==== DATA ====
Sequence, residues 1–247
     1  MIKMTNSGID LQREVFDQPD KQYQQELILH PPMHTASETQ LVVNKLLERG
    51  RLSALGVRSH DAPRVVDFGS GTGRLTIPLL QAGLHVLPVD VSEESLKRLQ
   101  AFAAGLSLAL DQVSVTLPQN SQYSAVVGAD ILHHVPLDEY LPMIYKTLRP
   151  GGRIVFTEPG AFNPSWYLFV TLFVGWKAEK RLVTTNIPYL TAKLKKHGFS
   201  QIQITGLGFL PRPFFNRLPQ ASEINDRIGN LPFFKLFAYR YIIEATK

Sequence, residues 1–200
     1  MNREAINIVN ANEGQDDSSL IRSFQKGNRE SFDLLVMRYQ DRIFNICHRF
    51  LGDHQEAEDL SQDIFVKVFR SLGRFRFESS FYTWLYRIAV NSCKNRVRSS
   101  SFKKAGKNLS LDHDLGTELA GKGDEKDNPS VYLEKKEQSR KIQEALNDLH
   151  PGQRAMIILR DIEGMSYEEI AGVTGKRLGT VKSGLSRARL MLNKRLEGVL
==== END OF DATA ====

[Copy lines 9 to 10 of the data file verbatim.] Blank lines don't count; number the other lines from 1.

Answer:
    51  LGDHQEAEDL SQDIFVKVFR SLGRFRFESS FYTWLYRIAV NSCKNRVRSS
   101  SFKKAGKNLS LDHDLGTELA GKGDEKDNPS VYLEKKEQSR KIQEALNDLH